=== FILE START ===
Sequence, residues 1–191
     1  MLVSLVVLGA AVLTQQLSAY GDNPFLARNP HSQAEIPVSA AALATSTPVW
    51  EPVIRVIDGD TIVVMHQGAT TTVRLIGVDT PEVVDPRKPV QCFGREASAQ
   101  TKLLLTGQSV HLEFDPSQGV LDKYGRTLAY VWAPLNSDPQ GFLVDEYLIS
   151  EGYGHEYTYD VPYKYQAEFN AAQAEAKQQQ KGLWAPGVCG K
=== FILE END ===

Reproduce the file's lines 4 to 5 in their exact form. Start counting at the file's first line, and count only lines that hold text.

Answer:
   101  TKLLLTGQSV HLEFDPSQGV LDKYGRTLAY VWAPLNSDPQ GFLVDEYLIS
   151  EGYGHEYTYD VPYKYQAEFN AAQAEAKQQQ KGLWAPGVCG K